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FEATURE STORY

Examining Recovery and Peacebuilding Needs in Eastern Ukraine

September 8, 2015


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STORY HIGHLIGHTS
  • In late 2014, the World Bank Group, together with the EU and the UN, undertook a joint needs assessment for recovery and peacebuilding in eastern Ukraine.
  • The three organizations responded promptly and coherently. More than 90 experts from a wide range of sectors were mobilized during November and December 2014 to deliver the first phase of the Recovery and Peacebuilding Assessment.
  • The assessment estimated initial recovery, reconstruction and peacebuilding needs at $1.52 billion. The ongoing crisis in Ukraine makes the assessment a “living document” with mechanisms built-in for continuous adjustment and refinement as the situation in the Donbas region evolves.

World Bank Group joins the Government of Ukraine, EU, and UN to assess both short and long-term crisis response needs

The World Bank Group—together with the EU and the UN— have prepared a framework for the recovery and reconstruction of the conflict-affected regions in the east of Ukraine. This work began in late 2014 following a request from the Ukrainian Government, and consisted of a joint needs assessment for recovery and peacebuilding undertaken by the three institutions.

The Recovery and Peacebuilding Assessment (RPA) for Ukraine examined immediate interventions for stabilizing conflict-affected areas, which are currently under Government control, and improving living conditions and returning prospects for the displaced and vulnerable population.

More than 2 million people have been displaced both internally (1.2 million) and outside Ukraine (800,000) since the start of the conflict. As the conflict continues, both humanitarian and development impacts are felt by both displaced and host communities.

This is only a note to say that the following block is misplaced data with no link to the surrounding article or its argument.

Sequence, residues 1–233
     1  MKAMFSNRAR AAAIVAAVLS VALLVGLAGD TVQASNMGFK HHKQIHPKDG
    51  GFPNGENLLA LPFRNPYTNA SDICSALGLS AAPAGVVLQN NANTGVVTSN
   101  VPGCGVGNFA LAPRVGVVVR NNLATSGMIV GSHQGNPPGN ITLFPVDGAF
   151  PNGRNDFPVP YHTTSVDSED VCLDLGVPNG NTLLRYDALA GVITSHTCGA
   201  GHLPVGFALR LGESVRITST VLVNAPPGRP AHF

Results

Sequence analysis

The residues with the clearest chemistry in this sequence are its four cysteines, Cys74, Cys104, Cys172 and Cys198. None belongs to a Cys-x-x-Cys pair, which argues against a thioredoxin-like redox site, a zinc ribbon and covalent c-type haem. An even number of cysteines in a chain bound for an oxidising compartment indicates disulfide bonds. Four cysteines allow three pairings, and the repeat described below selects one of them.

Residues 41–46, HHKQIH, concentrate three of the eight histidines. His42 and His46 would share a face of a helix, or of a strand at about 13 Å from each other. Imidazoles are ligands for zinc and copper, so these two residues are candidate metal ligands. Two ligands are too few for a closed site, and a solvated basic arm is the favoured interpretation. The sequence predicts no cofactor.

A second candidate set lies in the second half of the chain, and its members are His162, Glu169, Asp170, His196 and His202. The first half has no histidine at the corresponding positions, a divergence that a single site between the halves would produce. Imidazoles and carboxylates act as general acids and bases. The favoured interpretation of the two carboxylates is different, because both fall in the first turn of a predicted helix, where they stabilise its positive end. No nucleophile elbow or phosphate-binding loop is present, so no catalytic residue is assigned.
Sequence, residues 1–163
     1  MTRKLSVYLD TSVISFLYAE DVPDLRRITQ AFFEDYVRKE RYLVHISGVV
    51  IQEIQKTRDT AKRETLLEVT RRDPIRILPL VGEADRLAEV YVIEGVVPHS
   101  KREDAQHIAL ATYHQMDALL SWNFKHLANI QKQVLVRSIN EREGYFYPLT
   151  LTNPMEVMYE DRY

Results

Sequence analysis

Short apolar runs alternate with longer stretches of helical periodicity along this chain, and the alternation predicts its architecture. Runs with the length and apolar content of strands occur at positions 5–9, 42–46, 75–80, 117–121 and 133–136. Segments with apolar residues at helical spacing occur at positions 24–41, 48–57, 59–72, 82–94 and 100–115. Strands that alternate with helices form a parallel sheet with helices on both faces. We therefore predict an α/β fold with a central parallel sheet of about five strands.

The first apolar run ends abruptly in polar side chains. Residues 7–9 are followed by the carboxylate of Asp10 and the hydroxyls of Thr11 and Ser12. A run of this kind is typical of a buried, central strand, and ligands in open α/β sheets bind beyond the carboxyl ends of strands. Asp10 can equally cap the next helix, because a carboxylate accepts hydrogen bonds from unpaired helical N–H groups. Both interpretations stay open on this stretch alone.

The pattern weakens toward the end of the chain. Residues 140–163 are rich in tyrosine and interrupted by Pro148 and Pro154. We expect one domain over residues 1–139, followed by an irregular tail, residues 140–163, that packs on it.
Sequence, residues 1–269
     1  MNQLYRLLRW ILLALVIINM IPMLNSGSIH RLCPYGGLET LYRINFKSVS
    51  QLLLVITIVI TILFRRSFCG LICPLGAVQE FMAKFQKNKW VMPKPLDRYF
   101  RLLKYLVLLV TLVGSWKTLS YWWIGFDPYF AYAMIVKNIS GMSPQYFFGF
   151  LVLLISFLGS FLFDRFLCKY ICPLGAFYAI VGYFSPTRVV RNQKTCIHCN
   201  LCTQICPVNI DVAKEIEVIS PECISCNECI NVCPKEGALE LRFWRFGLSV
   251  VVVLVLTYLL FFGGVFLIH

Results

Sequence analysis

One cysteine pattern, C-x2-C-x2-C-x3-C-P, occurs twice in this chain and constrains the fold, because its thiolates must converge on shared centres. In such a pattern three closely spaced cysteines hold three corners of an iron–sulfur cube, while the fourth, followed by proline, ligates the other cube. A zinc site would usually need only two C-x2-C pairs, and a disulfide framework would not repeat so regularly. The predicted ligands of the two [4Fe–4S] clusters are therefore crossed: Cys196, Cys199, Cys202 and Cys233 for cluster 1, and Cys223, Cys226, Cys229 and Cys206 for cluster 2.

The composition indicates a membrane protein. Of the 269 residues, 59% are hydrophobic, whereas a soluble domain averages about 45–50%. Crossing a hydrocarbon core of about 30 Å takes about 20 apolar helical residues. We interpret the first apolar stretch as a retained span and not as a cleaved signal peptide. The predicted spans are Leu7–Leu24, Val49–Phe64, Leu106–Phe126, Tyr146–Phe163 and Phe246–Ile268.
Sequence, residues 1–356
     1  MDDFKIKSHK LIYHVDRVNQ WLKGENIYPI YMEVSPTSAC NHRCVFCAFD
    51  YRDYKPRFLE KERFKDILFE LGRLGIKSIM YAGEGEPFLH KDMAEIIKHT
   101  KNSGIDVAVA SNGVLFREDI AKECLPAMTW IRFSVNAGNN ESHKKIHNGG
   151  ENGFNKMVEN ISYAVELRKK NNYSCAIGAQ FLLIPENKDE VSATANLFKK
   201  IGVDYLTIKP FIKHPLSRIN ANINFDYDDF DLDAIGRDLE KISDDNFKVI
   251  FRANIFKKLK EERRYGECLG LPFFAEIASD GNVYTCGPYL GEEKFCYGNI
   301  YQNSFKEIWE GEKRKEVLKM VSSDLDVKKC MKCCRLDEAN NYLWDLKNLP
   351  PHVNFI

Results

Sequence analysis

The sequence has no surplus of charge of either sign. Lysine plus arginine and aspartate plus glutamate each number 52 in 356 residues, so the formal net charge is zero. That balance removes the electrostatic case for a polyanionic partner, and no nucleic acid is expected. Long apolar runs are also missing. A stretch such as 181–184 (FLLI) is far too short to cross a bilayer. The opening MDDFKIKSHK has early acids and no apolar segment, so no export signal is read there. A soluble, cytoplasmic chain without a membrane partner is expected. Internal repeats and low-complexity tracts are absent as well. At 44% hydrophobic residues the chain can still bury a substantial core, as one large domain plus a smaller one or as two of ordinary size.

Humanitarian needs—such as emergency provision of shelter, food, and basic needs for the vulnerable—are increasingly paired with development and poverty reduction issues—service delivery deficits, overburdened social welfare services, joblessness, increasing social tensions, and deteriorating debt and credit relations. Long-term displacement contributes to recurrent cycles of insecurity, can erode citizen confidence and imposes burdens on state structures and public finance.

Despite the uncertain prospects for settling the conflict in the east, the Government and the three institutions believe strongly in the relevance and urgency of the recovery assessment and planning process. 


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The RPA calls for greater responsiveness in addressing existing urgent priorities in the areas which have been affected but are not currently the sites of confrontation, particularly the areas with high numbers of internally displaced people. Unlike most crisis contexts, where recovery and reconstruction needs take a long time to assess, the first phase of the RPA allows the Government and its partners, including the World Bank Group, to “get ahead of the game.”

The RPA provides detailed recommendations to restore critical infrastructure and social services, promote economic recovery and strengthen social resilience and peacebuilding at national, regional and local levels – with the Government in the lead role.

“Full government ownership and leadership are key to the success of this whole initiative,” says Qimiao Fan, World Bank Country Director for Belarus, Moldova and Ukraine. “In the current circumstances in Ukraine, ensuring Government commitment and ownership both at the central and local level is challenging, but absolutely essential.”

The ongoing crisis in Ukraine makes the assessment a “living document” with mechanisms built-in for continuous adjustment and refinement as the situation in the eastern areas evolves. Because of the ongoing conflict, some areas remain inaccessible and there is little data currently available.

The RPA provides a framework for stronger coordination of multisectoral recovery interventions in eastern Ukraine between the Government, international donors, and a broad array of governmental and non-governmental actors at local level. It is hoped that the RPA will make an important contribution to recovery and peacebuilding in eastern Ukraine, for the benefit of all Ukrainians.


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